Outlining is a typical part of the writing process. Whether you’re working on a fictional project, like a novel or a short story, or you’re writing a long academic essay, having an outline to work from is useful. It can help keep you on track so you don’t leave out anything important.
That said, outlining can be intimidating when you’re new to writing. And some writers prefer not to outline at all. In this post, I’ll discuss how to decide if you need an outline, and how to create one from scratch for any writing project.
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Can You Write Without an Outline?
You can write without an outline. Some writers prefer working this way because they feel like it gives them more freedom to be creative and see where their stories take them.
However, an outline can be very valuable for keeping your novel, short story, or essay organized. Whether you’re writing fiction or nonfiction, you probably have important themes or ideas that you want to carry all the way through the piece. An outline can help you make sure those key components show up where they’re supposed to.
Creating an outline can also be a good brainstorming exercise if you’re feeling stuck. When you’re in the middle of writer’s block, it might be easier to work on an outline than to try to crank out new scenes.
You can also write your first draft and then go back and create an outline later. This is a good compromise between the two writing styles. You get the freedom to explore your idea in a draft in the beginning, but then you can tighten your writing and improve its organization with an outline.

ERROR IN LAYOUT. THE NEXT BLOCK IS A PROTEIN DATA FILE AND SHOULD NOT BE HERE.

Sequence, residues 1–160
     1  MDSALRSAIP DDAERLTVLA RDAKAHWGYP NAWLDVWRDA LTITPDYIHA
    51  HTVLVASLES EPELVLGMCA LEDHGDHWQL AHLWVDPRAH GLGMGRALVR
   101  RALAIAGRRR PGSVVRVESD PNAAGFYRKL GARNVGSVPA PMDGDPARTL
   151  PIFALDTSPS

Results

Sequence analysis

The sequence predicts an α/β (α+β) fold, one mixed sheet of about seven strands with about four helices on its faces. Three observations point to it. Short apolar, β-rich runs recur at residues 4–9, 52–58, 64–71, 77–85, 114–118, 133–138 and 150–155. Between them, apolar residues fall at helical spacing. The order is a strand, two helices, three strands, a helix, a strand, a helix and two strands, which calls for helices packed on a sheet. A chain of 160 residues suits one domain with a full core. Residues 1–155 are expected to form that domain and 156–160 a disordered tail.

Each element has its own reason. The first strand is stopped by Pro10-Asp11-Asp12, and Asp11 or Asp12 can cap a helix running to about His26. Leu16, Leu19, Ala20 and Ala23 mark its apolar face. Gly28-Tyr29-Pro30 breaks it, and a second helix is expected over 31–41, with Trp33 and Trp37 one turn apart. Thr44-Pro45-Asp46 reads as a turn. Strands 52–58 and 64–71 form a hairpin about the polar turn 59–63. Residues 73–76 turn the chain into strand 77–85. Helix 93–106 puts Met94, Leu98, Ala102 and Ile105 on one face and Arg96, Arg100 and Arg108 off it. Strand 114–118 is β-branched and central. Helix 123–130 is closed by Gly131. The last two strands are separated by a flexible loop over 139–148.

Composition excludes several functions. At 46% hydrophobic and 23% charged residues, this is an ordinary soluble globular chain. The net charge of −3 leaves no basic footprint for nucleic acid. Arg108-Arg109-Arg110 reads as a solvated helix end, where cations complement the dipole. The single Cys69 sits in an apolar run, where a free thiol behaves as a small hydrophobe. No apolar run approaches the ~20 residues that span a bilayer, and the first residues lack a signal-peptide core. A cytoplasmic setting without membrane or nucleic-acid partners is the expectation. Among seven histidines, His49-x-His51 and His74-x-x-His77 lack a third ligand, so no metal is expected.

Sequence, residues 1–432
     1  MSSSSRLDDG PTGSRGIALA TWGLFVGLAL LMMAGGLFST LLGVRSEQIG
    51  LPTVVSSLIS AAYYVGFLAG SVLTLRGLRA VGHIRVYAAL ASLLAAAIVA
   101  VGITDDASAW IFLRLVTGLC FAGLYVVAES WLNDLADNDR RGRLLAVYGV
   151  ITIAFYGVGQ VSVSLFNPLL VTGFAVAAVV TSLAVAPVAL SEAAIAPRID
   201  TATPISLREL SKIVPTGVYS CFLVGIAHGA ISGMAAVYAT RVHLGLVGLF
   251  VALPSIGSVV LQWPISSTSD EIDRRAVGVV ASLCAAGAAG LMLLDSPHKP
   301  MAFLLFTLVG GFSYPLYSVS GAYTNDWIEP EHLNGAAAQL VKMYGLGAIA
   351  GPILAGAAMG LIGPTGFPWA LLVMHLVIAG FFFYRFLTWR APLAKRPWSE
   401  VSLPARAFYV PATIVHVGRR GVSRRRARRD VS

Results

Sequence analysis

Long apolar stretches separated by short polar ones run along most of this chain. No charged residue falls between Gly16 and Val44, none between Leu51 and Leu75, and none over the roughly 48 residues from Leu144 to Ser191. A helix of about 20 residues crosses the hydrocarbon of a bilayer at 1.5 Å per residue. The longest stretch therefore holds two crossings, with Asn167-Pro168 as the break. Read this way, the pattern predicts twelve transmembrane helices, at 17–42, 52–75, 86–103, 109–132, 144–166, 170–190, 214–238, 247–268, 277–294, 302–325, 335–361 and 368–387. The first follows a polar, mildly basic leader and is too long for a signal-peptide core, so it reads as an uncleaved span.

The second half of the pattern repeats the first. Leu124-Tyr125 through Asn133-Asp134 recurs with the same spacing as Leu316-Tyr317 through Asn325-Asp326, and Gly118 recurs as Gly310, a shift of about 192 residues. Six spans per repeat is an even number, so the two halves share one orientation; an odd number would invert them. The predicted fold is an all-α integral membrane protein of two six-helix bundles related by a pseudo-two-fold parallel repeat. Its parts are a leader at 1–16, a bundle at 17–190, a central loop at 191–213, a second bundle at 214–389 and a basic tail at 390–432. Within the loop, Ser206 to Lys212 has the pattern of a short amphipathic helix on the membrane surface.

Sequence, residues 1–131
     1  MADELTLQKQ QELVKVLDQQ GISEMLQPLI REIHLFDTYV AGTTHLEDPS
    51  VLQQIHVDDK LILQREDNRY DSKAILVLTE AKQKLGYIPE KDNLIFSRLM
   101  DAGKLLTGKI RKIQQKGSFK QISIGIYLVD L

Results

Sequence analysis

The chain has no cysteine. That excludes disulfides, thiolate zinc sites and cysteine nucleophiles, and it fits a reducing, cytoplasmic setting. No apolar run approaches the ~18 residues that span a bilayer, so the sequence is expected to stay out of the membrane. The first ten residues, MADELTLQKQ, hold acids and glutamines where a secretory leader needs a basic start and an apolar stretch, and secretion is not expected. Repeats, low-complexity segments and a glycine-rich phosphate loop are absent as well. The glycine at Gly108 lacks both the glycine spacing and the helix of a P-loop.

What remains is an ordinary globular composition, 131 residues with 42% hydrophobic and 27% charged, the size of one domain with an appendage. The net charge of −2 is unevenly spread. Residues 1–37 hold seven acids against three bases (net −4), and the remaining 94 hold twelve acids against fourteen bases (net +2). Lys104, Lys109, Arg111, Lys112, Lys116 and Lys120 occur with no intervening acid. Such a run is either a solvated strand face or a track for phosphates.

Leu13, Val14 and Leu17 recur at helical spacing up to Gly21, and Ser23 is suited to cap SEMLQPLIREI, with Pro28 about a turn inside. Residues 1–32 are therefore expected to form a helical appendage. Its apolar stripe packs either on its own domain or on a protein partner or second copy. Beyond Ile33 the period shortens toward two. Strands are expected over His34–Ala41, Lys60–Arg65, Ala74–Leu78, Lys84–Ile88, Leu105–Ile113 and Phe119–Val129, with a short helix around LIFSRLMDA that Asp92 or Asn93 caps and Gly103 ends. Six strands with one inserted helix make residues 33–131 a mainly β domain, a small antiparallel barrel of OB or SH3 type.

How to Outline a Novel, Short Story, or Essay (5 Key Tips)
Here are some tips for outlining your next writing project.
1. Start With What You Know
One way to begin your outline is to simply write down everything you know about your novel, short story, or essay.
If you’re writing an academic paper, this might be your thesis statement and the sources you plan to reference.
For a novel or short story, you might start with your characters, your setting, or your main conflict. You could even include the themes you want to explore in your piece. If you have an idea for a scene, you might even try writing it out by hand in a journal as a first draft.
Don’t worry too much about chronology or organization at first. Once you’ve compiled everything you already know about your project, you can start moving parts around and filling in the gaps.
2. Find a Format That Works for You
There are many different ways to format an outline. Some writers like a traditional list of chapters and scenes, others prefer more visual options that make it easy to move parts of their outlines around.
If you’re looking for a writing program that gives you multiple outlining options, you might want to check out Scrivener. It includes a traditional outline format as well as “notecards” you can use to organize the parts of your writing project.
Outlining in Scrivener is especially useful because you can always see your scenes in the Binder on the left side of the screen. You can also use the split view to see your outline and the part of your project you’re currently writing side by side.
But there are almost as many outlining methods are there are writers. You might like to work on paper in the early stages of writing. Or maybe you have a lot of research to compile for your project and want to collect it in a binder. Some like to use a “mind map” or web style outline that shows the connections between different events, characters, and other elements.
Whatever you decide, just make sure it’s easy for you to keep track of all the key details you need to refer back to when working on your draft.
I’ve been a dedicated Scrivener user for years. I’m confident you’ll love it as much as I do! Click the buttons below to find out more about this wonder app, or purchase Scrivener right away.